Nutrition in the 21st Century

By Zimmerman, Philip W. | Nutrition Health Review, Winter 1992 | Go to article overview

Nutrition in the 21st Century


Zimmerman, Philip W., Nutrition Health Review


Predicting the future is not an easy endeavor, and nutrition is no exception. However, it may be of benefit to spot trends which appear to be developing, especially if these trends enable us to take steps which will prepare us to deal with future developments. Which nutritional trends appear to be important in the next century?

A. Designer Foods. There is a unique alliance between nutritionist, chemists, botanists and physicians to help "design" new food which will either:

1. Increase health giving benefits known to exist in certain foods.

2. Reduce detrimental factors found in foods we eat.

An example of the first type is the attempt to identify cancerfighting aspects of certain vegetables. The second type of alteration is exemplified by production of eggs with reduced cholesterol content. We can expect to see more attempts to produce such "designer foods."

A word of caution: The public should insist on extensive testing before widespread use of such new foods is permitted. At present, the broad outlines of the "food and health" connection are becoming increasingly clear. To be avoided are artificial substances as well as excessively processed and refined foods. Highly nutritious foods are vegetables, especially those rich in beta-carotene, natural fiber, whole grains, and members of the cabbage family. If nature can be "coaxed" to produce more protective foods, we should applaud this step. Prudent investigation can assure us of the safety of these "improved" foods.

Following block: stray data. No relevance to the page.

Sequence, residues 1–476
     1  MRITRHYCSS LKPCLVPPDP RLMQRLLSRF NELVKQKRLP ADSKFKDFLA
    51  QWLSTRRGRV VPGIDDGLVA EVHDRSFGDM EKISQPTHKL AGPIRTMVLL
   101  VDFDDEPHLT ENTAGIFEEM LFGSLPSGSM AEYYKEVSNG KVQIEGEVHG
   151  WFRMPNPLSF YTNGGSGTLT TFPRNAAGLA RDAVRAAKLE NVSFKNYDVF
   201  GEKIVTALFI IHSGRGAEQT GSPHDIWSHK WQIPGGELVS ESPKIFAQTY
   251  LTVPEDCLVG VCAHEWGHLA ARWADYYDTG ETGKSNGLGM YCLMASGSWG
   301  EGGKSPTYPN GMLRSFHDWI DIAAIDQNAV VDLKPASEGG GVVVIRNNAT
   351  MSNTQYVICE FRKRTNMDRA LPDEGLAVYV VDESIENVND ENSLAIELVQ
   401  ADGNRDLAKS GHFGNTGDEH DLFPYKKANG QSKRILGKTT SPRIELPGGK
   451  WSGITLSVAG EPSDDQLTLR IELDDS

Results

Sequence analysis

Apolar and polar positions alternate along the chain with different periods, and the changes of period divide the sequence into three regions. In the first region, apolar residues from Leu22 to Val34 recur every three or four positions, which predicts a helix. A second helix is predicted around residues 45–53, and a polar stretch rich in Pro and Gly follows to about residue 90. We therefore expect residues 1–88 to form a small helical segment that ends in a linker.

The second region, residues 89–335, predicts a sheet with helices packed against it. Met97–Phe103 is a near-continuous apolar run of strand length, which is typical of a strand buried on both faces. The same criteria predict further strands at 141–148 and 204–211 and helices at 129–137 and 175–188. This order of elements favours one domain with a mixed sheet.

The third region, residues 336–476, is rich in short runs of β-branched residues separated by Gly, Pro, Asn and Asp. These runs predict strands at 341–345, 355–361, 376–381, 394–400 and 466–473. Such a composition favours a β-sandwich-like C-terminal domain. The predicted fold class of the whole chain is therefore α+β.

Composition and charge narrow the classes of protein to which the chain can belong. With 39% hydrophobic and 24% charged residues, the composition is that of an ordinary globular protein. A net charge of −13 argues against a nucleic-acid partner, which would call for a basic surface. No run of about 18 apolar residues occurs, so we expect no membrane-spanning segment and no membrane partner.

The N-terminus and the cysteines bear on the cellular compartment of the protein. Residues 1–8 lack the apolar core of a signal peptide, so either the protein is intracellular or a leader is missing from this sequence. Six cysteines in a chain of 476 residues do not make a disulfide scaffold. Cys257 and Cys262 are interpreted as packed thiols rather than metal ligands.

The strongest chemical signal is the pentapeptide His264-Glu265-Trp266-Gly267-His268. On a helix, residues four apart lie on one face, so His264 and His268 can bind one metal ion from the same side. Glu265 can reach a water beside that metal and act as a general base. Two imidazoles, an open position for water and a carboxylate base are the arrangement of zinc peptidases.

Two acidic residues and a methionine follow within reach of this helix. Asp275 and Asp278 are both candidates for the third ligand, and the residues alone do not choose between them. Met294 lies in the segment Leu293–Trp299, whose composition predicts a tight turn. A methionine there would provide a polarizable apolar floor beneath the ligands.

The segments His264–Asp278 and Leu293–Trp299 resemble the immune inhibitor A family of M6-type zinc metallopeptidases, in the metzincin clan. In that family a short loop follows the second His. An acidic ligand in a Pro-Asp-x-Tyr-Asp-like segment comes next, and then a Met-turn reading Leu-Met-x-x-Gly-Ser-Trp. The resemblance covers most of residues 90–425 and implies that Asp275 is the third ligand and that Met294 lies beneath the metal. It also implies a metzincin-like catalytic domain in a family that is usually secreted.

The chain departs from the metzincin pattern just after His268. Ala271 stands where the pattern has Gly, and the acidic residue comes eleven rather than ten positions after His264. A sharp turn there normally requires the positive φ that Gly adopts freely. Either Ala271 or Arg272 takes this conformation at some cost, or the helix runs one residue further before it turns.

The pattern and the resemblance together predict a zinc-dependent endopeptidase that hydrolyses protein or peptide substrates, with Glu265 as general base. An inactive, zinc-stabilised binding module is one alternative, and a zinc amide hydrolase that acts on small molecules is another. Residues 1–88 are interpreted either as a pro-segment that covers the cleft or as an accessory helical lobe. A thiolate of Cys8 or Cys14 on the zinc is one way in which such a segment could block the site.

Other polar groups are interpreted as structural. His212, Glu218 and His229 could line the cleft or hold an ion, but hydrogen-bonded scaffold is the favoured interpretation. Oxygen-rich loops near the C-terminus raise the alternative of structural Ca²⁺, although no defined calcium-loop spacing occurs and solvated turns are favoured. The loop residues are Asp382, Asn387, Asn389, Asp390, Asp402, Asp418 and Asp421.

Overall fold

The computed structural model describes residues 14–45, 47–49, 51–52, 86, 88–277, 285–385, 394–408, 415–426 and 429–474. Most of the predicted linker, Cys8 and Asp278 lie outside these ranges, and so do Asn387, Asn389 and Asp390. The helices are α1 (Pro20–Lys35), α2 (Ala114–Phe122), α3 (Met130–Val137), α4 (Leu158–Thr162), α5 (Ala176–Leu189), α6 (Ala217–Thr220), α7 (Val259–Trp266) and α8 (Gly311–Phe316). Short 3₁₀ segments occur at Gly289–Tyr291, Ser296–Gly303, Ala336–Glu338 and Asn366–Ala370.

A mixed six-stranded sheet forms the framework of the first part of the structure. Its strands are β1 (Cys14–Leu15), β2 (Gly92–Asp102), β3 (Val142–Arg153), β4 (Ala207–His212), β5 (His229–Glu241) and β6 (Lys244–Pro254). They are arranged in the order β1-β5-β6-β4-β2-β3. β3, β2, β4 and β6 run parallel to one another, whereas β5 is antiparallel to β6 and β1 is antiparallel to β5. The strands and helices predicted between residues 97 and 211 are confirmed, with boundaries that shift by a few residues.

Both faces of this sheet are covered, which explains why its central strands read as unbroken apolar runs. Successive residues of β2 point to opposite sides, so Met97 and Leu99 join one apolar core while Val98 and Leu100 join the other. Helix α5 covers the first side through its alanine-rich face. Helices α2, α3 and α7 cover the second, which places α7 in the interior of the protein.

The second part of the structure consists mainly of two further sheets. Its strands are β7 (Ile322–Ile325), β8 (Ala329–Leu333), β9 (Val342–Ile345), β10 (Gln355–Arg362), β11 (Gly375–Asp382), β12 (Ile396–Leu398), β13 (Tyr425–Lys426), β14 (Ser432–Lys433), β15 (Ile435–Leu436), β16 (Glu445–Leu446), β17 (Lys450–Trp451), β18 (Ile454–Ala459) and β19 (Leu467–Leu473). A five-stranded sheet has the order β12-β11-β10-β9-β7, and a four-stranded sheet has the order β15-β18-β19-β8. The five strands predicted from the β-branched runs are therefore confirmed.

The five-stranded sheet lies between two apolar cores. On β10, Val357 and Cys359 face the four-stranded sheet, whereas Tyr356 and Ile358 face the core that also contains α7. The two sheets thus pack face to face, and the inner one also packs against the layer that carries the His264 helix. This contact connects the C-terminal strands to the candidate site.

B. Nutrients Against Disease. The future will justify the efforts of those pioneering physicians and nutritionists who proposed nutritional therapy for many health problems. What more should we look for in the future?

1. Major clinical, scientifically controlled studies to test the efficacy of nutrients against specific diseases. Virtually the only studies in this area have been in the limited field of "Vitamin C versus the common cold." There are a host of nutrients waiting to be tested against many health problems. Unfortunately, from an economic point of view, because nutrients cannot be patented, there is little support coming from industry. Perhaps such funds will come from other sources and a comprehensive wholistic nutritional approach will be institutionalized, replacing more expensive and possibly dangerous medicinal drugs.

2. It is also to be hoped that major insurance companies will pay for nutritional therapy when practiced by competent nutrition-oriented physicians, enabling them to attract enough patients to impress both their colleagues and the world at large. …

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